Orthorexia Nervosa

Health Food Junkies

Orthorexia [awr-thuh-rek-see-uhnervosa [nur-voh-suh] is a proposed eating disorder characterized by an excessive preoccupation with avoiding foods perceived to be unhealthy. The term ‘orthorexia’ derives from the Greek ‘ortho’ (‘right’ or ‘correct’), and ‘orexis’ (‘appetite’), literally meaning ‘correct appetite.’ It was introduced in 1997 by primary care physician Steven Bratman, who claims that in extreme cases, it can lead to severe malnutrition or even death. Even in less severe cases, the attempt to follow a diet that cannot provide adequate nourishment is said to lower self-esteem as the orthorexics blame themselves rather than their diets for their constant hunger and the resulting cravings for forbidden foods.

In 2009, Ursula Philpot, chair of the British Dietetic Association and senior lecturer at Leeds Metropolitan University, described people with orthorexia nervosa to ‘The Guardian’ as being ‘solely concerned with the quality of the food they put in their bodies, refining and restricting their diets according to their personal understanding of which foods are truly ‘pure.” This differs from other eating disorders, such as anorexia nervosa and bulimia nervosa, whereby people focus on the quantity of food eaten.

An obsession for healthy foods can come from a number of sources such as family habits, societal trends, economic problems, recent illness, or even just hearing something negative about a food type or group, which then leads an orthorexic to ultimately eliminate the food or foods from their diet. The subject may avoid fat, preservatives, man-made food-additives, animal products, or other ingredients considered suspicious. Bratman claims orthorexia sufferers have specific preferences about the foods they are eating and avoiding. Products that are preserved with additives are often feared. Industrial products can be seen as artificial, whereas fruits and vegetables can be seen as healthy.

Bratman asserts that ’emaciation is common among followers of certain health food diets, such as rawfoodism, and this can at times reach the extremes seen in anorexia nervosa.’ In addition, he claims that ‘anorexic orthorexia’ can be as dangerous as anorexia. However, he states, ‘the underlying motivation is quite different. While an anorexic wants to lose weight, an orthorexic does not desire to become thin but wants to feel pure, healthy and natural. Eating disorder specialists may fail to understand this distinction, leading to a disconnect between orthorexic and physician.’

Although orthorexia is not currently recognized as a mental disorder by the American Psychiatric Association, and it is not listed in the DSM-5, the term is gaining currency in the field. As of January 2007, two peer-reviewed studies have been published on the alleged condition. In the studies, Donini et al. define orthorexia nervosa as a ‘maniacal obsession for healthy foods’ and propose several diagnostic criteria. Sufferers of orthorexia often display symptoms consistent with obsessive-compulsive disorder and have an exaggerated concern with healthy eating patterns. Like anorexia, however, these obsessive compulsive symptoms may be an effect of starvation rather than a cause of the disorder.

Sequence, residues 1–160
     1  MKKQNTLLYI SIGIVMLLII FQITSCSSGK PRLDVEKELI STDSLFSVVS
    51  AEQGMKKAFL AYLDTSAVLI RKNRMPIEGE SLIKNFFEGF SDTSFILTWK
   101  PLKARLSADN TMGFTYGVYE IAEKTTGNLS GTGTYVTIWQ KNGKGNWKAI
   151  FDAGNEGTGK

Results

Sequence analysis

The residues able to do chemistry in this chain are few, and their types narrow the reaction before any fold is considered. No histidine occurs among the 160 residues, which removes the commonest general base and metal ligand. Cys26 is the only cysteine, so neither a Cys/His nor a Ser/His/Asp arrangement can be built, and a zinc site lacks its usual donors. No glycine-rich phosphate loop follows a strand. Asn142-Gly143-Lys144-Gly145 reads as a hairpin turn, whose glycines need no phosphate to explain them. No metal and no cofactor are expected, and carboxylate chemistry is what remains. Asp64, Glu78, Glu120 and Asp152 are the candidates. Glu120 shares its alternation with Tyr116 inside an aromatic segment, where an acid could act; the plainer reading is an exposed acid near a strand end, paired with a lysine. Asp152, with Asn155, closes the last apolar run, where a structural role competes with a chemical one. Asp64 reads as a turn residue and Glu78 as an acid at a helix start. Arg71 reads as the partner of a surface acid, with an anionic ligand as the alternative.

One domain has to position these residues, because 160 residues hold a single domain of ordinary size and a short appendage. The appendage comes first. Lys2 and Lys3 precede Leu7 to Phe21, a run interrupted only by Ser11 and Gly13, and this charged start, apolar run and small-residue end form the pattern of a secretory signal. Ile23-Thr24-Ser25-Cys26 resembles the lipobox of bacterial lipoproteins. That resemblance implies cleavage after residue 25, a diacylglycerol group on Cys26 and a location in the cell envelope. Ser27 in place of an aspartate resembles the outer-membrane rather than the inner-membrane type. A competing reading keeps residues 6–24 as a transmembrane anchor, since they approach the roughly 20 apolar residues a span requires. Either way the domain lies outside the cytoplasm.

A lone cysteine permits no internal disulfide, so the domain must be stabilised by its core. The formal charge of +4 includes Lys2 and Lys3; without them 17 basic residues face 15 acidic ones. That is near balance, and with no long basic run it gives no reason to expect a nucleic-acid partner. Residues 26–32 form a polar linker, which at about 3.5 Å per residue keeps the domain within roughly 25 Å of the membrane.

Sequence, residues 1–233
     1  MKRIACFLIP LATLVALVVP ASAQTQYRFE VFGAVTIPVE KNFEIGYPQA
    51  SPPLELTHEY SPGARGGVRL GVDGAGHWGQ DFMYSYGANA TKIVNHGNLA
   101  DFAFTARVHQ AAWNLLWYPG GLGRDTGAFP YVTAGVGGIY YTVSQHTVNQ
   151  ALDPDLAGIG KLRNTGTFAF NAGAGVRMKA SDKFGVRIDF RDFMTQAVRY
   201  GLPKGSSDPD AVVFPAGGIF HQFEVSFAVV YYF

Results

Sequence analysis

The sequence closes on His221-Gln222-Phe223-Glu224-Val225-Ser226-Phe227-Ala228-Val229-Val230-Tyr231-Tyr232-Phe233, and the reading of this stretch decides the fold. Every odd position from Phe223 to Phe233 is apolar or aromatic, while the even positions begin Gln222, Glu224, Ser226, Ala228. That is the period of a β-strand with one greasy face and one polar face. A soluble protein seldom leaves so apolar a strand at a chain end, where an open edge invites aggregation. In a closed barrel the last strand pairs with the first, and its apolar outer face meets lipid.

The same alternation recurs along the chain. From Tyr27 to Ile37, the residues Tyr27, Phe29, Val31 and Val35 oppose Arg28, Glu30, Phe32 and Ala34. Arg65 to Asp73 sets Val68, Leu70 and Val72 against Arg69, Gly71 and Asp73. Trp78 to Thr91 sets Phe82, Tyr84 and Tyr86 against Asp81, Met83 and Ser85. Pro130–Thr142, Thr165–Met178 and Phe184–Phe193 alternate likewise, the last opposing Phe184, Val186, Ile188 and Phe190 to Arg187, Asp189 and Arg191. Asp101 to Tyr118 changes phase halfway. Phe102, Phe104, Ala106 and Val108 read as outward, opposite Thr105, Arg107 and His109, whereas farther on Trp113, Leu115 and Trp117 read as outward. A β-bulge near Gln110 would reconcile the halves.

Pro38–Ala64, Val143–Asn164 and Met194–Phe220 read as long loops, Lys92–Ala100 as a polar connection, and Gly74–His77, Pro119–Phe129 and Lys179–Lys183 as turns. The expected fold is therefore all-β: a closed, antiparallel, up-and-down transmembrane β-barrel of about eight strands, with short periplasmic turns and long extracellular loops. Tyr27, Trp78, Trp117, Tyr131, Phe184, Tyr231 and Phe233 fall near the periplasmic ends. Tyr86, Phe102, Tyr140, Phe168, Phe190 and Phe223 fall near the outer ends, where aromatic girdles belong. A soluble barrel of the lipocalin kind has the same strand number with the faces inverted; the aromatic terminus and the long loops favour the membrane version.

A diagnostic questionnaire has been developed for orthorexia sufferers, similar to questionnaires for other eating disorders. Bratman proposes an initial self-test composed of two direct questions: ‘Do you care more about the virtue of what you eat than the pleasure you receive from eating it?… Does your diet socially isolate you?’ Other questions concerning those who may be suffering from orthorexia provided by Davis on the WebMD (2000) website include: Do they spend more than 3 hours a day thinking about healthy foods? When they eat the way they’re supposed to, do they feel in total control? Has the quality of their life decreased as the quality of their diet increased? Do they look down on others who don’t eat this way?’ If yes was answered to two or more questions, the person may have a mild case of orthorexia.

There has been no investigation into whether there may be a biological cause specific to orthorexia nervosa. However, Donini et al. link orthorexia to a food-centered manifestation of obsessive compulsive disorder, which is related to control. A 2013 study of college students found that orthorexia severity was negatively associated with self-reported executive functioning. This means that the better the student did with cognitively complex tasks, including planning and decision-making, the less likely the student was to have orthorexia. The condition seems to be more common in men than in women and in those with a lower level of education.


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